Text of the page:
When playing at home, a lot of children build “forts” out of pillows, blankets and furniture. They crawl inside, bring books or games and declare their forts to be “my space.” During the coronavirus emergency, building forts has been a good way for kids to deal with stress and create safe spaces for themselves, experts say. “I feel like you’re in a safe place, your own bubble of coziness,” said 11-year-old Grayson Drewry, of Port Townsend, Washington. “There are no other things affecting you — you’re blocked out from the world.” In forts, kids feel in control —of both their emotions and their physical surroundings. That is comforting when so many things in the outside world are uncertain and confusing, the Washington Post newspaper reported. “Whatever kids create in their imaginative world feels safe and predictable,” one expert said. “… It’s like ‘Every time I go into this fort, it will be just like I left it.’ ”. Many things are stressful in the world due to the coronavirus emergency. With family or friends, use the newspaper or Internet to find and closely read stories about some of these stressful things. Discuss how having a “fort” or safe place would help you and your friends deal with these things. Try building a fort of your own in your home or apartment.

Common Core State Standards: Engaging effectively in a range of collaborative discussions; esponding thoughtfully to diverse perspectives, summarizing points of agreement and disagreement.

4. Unusual Honor

Service dogs help people with special needs. They perform tasks the special-needs people can’t and alert others when such people are having difficulty. In the state of Kentucky recently a special-needs service dog got special attention – a photo of her own in the yearbook of St. Patrick’s Catholic School in the city of Louisville. The dog named Ariel is a life-saver for kindergarten student Hadley Jo Lange, who suffers from the condition known as epilepsy. Epilepsy can cause seizures that cause a person to move or twitch uncontrollably, or even stop breathing. Ariel, who is a labradoodle, has been trained to recognize when the seizures are coming and to alert teachers by barking, CNN News reports. Including Ariel’s picture in the yearbook was a surprise for Hadley Jo’s family. “When I got the yearbook and saw that they included our service dog, that was one of the most touching moments of my life,” Hadley Jo’s mother told CNN. “The inclusiveness meant so much.” Putting a picture of the service dog Ariel in the school yearbook was an unusual way to honor her for her service. What unusual ways can people be honored for service? In the newspaper or online, find and closely read a story about someone who is providing a helpful service for others. Brainstorm a way to honor this person in an unusual way. Write a paragraph explaining your honor and why it would be right for this person.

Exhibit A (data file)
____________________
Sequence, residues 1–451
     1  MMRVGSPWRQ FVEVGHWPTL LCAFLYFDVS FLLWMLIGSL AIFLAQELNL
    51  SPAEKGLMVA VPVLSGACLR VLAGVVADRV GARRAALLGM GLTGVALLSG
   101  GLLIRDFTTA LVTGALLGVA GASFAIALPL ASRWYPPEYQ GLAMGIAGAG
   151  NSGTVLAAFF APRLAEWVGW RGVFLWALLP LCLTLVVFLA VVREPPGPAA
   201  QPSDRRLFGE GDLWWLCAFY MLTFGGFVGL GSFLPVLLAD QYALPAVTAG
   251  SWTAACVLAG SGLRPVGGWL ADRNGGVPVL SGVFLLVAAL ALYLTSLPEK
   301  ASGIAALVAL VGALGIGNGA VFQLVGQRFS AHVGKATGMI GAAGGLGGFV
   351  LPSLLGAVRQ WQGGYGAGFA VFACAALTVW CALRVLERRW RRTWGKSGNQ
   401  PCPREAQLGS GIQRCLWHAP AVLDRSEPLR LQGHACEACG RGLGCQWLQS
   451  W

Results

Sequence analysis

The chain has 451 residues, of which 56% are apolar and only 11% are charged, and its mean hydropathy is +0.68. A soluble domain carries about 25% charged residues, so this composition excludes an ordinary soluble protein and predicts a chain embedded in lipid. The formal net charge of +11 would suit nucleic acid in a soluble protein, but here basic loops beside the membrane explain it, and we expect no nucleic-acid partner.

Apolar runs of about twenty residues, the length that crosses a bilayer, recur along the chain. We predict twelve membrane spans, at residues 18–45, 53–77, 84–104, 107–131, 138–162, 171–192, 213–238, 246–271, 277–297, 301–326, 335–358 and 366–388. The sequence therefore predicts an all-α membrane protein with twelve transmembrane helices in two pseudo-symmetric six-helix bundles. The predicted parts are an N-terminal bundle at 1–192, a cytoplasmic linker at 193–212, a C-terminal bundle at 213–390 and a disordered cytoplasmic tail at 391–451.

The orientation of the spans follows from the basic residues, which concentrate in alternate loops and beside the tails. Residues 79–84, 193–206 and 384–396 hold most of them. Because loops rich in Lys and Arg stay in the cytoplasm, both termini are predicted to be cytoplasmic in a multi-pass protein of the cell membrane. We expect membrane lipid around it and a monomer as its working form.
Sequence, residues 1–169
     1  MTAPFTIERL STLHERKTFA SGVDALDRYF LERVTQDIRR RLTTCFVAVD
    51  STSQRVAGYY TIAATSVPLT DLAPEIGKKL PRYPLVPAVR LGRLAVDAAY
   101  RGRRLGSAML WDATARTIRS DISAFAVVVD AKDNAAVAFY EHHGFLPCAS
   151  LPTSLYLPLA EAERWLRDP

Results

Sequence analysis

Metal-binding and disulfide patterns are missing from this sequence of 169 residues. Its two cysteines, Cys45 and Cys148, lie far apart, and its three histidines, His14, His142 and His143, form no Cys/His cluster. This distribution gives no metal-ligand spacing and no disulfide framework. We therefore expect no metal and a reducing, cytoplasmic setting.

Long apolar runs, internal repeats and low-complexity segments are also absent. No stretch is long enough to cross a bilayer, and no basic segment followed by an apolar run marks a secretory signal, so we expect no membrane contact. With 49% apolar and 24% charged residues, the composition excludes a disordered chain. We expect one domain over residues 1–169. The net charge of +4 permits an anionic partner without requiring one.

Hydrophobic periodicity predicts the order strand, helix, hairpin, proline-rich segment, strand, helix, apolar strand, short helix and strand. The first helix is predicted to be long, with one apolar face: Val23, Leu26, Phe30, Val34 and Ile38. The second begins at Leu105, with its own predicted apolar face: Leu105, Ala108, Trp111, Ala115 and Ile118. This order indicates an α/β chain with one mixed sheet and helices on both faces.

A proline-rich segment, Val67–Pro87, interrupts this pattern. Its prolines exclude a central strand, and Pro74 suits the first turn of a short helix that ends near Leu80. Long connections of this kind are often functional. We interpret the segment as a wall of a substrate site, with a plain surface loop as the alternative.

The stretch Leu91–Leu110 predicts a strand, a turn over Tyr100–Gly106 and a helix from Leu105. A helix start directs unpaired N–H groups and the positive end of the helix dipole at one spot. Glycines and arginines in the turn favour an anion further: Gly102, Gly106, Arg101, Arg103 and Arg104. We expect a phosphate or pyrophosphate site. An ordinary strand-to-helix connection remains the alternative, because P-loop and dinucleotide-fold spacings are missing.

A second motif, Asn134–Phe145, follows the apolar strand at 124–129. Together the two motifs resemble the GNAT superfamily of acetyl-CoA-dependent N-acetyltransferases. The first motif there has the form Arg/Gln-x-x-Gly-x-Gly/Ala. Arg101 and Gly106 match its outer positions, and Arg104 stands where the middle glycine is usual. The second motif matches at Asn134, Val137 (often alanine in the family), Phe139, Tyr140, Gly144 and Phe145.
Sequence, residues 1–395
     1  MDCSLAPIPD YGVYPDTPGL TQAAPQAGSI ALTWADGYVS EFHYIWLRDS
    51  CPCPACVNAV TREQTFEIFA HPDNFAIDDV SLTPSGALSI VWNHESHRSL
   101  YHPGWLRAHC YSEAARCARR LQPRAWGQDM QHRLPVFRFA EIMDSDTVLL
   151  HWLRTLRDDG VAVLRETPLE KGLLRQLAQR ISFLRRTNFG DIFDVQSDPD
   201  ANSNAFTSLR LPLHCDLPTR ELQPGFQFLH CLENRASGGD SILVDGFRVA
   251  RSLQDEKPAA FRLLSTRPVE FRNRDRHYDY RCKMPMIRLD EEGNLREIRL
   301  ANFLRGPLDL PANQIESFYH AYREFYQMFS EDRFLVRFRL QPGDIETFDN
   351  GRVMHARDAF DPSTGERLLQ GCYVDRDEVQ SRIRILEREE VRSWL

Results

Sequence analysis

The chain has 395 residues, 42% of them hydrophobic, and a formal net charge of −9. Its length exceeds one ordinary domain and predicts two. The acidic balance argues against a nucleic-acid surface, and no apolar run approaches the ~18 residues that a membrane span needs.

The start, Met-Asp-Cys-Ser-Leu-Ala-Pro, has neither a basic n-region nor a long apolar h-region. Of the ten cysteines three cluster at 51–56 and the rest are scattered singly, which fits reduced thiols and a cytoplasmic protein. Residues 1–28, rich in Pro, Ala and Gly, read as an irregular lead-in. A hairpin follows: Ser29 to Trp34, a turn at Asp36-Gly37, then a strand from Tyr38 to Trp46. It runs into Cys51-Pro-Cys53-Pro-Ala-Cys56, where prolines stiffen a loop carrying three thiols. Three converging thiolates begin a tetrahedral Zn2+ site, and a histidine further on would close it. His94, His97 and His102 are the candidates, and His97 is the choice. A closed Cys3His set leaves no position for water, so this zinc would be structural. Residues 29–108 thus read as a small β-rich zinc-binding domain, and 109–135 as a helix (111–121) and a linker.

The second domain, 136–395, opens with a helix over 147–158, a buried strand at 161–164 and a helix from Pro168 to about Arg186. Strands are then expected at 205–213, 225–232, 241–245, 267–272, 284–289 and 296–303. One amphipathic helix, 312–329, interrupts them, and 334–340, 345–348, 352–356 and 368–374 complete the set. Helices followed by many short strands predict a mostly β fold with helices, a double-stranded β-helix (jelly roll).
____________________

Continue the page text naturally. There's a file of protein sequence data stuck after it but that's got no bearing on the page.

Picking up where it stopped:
Common Core State Standards: Writing informative/explanatory texts to examine a topic and convey ideas and information clearly; citing specific textual evidence when writing or speaking to support conclusions.

5. ‘Swan Upping’

The coronavirus emergency has canceled many traditions and events around the world. In the European nation of England, it has put an end to this year’s official counting of the swans for England’s queen. The count, officially called the “Swan Upping,” dates back more than 800 years and was due to take place in July on the famous River Thames on behalf of Queen Elizabeth II. Under English law, the Queen owns all unmarked swans and they must be counted and measured every year. Thousands of children and tourists usually turn out to watch the “Swan Uppers” perform their duties in bright red scarlet uniforms on traditional rowboats known as skiffs. The swans, which are mute and have no voice, were once counted as a source of food, but now are counted for preservation, health and education purposes. “Swan Upping plays an important role in the conservation of the mute swan,” said the website, which is dedicated to the counting effort. Many events and traditions have been canceled this year due to the coronavirus. In the newspaper or online, find and closely read a story about a canceled event that you or your family will miss. Use what you read to write a poem, rap, or rhyme describing the sights, sounds and feelings you like about this event.

Common Core State Standards: Demonstrating understanding of figurative language; applying knowledge of language to understand how language functions in different contexts.